Every year the major dictionary publishers produce their ‘words of the year’. Some of the words for 2018 were:
- Oxford Word of the Year 2018: toxic
- Collins Word of the Year 2018: single-use
- Merriam-Webster Word of the Year 2018: justice
- com’s Word of the Year 2018: misinformation
- Cambridge Dictionary Word of the Year 2018: nomophobia
These sources use different methods for identifying their ‘word of the year’. Cambridge asks readers to vote for their favourite: readers rejected gender gap, ecocide and no-platforming in favour of nomophobia (a fear of being without your mobile phone, since you ask). Merriam-Webster uses increases in frequency and tracks words that spike at various times of the year in response to news events: respect, maverick and excelsior were frequent following the deaths of Aretha Franklin, John McCain and Stan Lee respectively, for example. Across the year, though, justice was the most consistently spiking word. Often a mixture of frequency and human judgement is used to identify the word. Oxford state that their WotY is: ‘a word or expression that is judged to reflect the ethos, mood, or preoccupations of the passing year, and have lasting potential as a term of cultural significance’.
The word nomophobia is perhaps the most inventive of the group – a blend of ‘no’ + ‘mo(bile)’ + ‘phobia’. Its ranking as the ‘people’s choice’ reflects the importance of personal concerns over political ones, and an awareness of a worrying individual dependency on technology (leading possibly to techlash – a word that made Oxford’s shortlist).
Single-use, as in single-use plastic, means ‘something made to be used once only and then discarded’. As often happens when a concept that has long existed suddenly becomes a topic of general discussion, the longer formulation using a postmodifier is replaced by a shorter, pre-modifier form.
Toxic and justice are perhaps surprising choices because they are not new words. Rather it is the variation in their use that makes them both frequent and indicative of a zeitgeist. According to Oxford Dictionaries, toxic collocates with physical entities – chemical, substance, gas, algae, air – but also with abstract ones – masculinity, environment, relationship, culture. 2018 saw news items about nerve agents (toxic substances), pollution (toxic chemicals, toxic waste), and about a growing awareness of the harm that can be done by cultural practices that go unchallenged (toxic environment, toxic masculinity). The word justice, chosen by the US Merriam-Webster and discussed by editor Peter Sokowski on WGBH radio, has a similarly broad sweep of collocates and meanings, including racial justice, social justice, obstruction of justice and ‘member of the Supreme Court’. The range of news stories indicated by these phrases kept the word itself in prominence during 2018.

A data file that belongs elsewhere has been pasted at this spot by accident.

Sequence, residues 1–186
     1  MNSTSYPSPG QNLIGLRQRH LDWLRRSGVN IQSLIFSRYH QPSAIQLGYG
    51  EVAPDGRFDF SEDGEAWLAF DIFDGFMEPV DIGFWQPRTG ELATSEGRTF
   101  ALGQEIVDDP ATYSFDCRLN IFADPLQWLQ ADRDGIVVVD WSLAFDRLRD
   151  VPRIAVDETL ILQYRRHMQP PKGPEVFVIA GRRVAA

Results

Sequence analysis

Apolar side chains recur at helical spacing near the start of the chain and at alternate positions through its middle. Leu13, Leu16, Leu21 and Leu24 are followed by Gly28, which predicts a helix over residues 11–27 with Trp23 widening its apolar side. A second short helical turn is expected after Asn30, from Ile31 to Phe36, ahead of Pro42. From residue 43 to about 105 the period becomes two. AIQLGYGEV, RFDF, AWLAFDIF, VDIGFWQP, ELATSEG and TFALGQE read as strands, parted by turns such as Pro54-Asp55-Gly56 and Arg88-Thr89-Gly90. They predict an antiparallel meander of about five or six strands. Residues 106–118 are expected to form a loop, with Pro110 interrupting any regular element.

My own personal words of 2018 are rather different: they are back and again. As in ‘take back control’ and, of course, ‘make America great again’. They are classic ‘weasel words’ as they imply a great deal while being ordinary enough to be overlooked, so they can be used to smuggle attitudes into a discourse without challenge. Both are part of the mythology of populist discourse, implying a prior golden age which has unaccountably been lost but which with the right political action can be regained. That mythology permeates both the pro-Brexit stance and Donald Trump’s vision for America and is classic misinformation.